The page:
Conservative Radiance Interpolants for Ray Tracing
Classical ray-tracing algorithms compute radiance returning to the eye along one or more sample rays through each pixel of an image. The output of a ray-tracing algorithm, although potentially photorealistic, is a two-dimensional quantity — an image array of radiance values — and is not directly useful from any viewpoint other than the one for which it was computed.
This paper makes several contributions. First, it directly incorporates the notion of radiometric error into classical ray-tracing, by lazy construction of conservative radiance interpolants in ray space. For any relative error tolerance ε, we show how to construct interpolants which return radiance values within ε of those that would be computed by classical (e.g., Whitted) ray-tracing. The second contribution of the paper is an explication of the four sources of aliasing inherent in classical ray tracing — termed gaps, blockers, funnels, and peaks — and an adaptive subdivision algorithm for identifying ray space regions guaranteed to be free of these phenomena. Finally, we describe a novel data structure that exploits object-space coherence in the radiance function to accelerate not only the generation of single images, but of image sequences arising from a smoothly varying sequence of eyepoints. We describe a preliminary implementation incorporating each of these ideas.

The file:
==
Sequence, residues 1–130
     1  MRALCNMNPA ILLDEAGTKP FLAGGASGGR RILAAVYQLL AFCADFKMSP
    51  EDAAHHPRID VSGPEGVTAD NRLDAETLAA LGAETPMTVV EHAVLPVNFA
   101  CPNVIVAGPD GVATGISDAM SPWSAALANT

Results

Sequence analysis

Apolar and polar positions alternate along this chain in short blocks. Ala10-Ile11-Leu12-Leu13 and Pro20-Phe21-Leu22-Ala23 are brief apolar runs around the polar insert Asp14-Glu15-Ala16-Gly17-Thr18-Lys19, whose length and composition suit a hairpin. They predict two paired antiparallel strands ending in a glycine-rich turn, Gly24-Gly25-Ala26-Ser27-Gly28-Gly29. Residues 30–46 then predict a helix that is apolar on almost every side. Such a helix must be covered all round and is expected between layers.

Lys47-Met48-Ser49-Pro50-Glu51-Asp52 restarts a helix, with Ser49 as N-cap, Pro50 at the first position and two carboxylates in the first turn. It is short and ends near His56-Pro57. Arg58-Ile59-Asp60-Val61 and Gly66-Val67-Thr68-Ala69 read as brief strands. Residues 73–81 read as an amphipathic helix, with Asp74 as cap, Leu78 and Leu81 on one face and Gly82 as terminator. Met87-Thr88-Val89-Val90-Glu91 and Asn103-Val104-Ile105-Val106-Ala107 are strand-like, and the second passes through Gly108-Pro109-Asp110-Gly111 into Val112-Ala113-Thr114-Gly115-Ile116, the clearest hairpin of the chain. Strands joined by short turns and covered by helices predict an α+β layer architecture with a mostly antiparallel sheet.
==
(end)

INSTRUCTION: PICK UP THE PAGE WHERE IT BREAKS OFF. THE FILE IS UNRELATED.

KeywordsComputer Graphic Global Illumination Radiance Function Scene Object Room Model
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